“We are pleased to be able to preserve and share these important drawings, which document numerous projects and reflect Michael Graves’s manifold interests and talents, here at the Museum, where he was known as family, and with our global audiences,” said James Steward, Nancy A. Nasher–David J. Haemisegger, Class of 1976, director.
All of the drawings that will come to Princeton – which were variously executed in pen and ink, charcoal, graphite, colored pencil, watercolor and pastel – are in Graves’s own hand. There are exuberant drawings of historic monuments from his 1960s fellowship at the American Academy in Rome, pencil and ink referential drawings in sketchbooks, quick iterative design studies on yellow tracing paper, and meticulously colored building elevations. Together, the drawings in the collection form the essential visual archive of Graves’s work, revealing both his classical training and his commitment to draftsmanship – something Graves advocated for strongly in his teaching.
“As a prolific artist, architect and practitioner, Michael Graves considered drawing to be the foundation of his creative output,” said Sylvia Lavin, professor, history and theory of architecture at Princeton University and a leading scholar of Graves’s work. “This corpus of work that will now reside at the Museum will facilitate rich research and teaching opportunities around Graves’s enormously robust legacy.”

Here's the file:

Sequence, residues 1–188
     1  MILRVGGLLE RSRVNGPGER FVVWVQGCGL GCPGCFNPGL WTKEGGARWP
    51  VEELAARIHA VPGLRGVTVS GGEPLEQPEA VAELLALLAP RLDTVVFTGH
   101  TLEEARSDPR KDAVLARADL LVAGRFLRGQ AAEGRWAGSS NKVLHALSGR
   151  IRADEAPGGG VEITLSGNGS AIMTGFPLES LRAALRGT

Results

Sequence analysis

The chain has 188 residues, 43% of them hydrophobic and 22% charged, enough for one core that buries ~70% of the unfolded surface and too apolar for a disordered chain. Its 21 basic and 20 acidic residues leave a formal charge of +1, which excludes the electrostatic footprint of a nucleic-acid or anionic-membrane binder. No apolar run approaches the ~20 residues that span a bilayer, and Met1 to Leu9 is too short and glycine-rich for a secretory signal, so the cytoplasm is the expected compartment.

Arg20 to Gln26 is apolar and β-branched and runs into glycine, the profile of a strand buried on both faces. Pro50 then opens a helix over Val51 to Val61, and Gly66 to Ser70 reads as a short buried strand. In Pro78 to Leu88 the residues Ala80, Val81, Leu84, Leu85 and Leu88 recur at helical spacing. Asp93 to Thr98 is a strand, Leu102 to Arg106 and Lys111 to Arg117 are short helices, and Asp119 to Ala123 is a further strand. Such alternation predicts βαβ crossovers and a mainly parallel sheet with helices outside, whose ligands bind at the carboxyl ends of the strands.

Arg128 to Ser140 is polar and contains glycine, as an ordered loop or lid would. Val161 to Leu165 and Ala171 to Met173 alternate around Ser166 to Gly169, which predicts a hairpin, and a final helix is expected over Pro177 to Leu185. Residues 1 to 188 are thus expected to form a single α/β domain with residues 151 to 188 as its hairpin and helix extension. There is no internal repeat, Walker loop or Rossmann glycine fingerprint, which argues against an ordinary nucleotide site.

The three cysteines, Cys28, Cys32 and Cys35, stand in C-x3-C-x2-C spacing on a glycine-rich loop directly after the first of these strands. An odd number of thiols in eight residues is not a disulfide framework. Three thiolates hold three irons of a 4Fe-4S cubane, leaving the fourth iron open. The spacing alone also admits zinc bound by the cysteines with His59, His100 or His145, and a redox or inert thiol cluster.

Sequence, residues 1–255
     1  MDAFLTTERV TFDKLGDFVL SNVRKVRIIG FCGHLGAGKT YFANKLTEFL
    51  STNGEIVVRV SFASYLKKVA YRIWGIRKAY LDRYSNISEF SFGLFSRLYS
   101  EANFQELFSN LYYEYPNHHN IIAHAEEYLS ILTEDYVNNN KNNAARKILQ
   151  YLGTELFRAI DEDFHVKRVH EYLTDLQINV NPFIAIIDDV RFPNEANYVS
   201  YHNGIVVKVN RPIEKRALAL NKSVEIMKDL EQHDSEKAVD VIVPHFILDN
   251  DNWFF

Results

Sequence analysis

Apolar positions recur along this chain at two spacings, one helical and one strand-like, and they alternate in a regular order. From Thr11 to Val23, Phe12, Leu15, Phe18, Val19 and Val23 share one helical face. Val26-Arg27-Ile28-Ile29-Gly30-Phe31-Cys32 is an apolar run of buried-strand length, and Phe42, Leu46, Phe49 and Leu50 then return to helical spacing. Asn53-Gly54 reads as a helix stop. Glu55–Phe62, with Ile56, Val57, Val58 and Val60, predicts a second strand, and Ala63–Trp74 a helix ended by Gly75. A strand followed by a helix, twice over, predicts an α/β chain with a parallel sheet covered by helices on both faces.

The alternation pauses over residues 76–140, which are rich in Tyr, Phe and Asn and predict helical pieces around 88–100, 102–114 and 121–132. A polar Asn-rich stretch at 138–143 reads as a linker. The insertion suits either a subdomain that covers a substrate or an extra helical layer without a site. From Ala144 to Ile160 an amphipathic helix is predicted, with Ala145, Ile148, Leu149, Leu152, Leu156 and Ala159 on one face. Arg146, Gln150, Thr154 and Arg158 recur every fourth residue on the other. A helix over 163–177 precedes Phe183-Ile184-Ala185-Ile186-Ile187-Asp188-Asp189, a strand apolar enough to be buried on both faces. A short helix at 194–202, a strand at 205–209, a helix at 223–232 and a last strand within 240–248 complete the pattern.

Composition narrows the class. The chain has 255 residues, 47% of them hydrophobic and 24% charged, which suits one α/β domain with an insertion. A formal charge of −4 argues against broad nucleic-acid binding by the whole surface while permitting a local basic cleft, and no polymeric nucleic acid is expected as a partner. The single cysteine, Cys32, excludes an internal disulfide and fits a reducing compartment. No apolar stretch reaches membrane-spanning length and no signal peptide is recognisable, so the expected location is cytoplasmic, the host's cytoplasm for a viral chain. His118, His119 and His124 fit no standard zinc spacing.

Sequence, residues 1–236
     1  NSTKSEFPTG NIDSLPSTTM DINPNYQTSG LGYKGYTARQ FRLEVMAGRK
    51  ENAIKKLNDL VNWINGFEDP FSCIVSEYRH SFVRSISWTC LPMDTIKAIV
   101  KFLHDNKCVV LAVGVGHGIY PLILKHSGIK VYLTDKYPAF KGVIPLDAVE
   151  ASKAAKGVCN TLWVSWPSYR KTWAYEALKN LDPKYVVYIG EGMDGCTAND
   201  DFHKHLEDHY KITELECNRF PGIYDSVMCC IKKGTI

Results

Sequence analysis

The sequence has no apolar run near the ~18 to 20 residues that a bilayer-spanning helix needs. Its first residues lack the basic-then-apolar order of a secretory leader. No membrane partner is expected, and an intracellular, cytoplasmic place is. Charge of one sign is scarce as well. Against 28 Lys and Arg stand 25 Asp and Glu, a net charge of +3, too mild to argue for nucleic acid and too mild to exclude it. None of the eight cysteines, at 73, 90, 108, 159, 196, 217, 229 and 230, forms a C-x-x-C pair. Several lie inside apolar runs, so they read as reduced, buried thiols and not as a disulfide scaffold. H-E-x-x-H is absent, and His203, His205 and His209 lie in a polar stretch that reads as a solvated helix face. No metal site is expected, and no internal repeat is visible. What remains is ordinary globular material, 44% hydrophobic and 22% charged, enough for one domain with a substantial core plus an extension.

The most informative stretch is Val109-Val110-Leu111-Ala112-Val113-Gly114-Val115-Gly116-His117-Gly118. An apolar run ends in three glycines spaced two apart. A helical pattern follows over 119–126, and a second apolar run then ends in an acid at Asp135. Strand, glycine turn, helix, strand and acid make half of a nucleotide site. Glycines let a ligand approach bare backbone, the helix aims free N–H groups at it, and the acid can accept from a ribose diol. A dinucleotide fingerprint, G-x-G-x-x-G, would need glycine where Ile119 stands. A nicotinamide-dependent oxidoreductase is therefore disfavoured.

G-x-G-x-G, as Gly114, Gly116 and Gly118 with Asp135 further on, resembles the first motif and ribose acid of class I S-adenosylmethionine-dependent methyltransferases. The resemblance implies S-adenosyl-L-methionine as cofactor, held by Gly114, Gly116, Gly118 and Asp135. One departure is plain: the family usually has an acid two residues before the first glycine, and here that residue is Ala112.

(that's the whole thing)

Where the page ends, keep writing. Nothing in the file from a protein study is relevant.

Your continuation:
Graves is known worldwide for his innovative and transformative postmodern design of a vast range of large-scale architectural projects, interiors, consumer products (including his famous Alessi “whistling bird” kettle) and master plans for a global array of public and private clients. Graves also left his creative mark on Princeton, including at the Paul Robeson Center for the Arts on the corner of Witherspoon Street, completed in 2008, and at his former residence, The Warehouse, described by Steward as “Michael’s Monticello, the ongoing focus and forum for his innovation.” Like many 20th-century architects who designed furniture and household objects as well as homes and other buildings, Graves believed that good design should find its way into everyday life and be available for consumers at all price levels.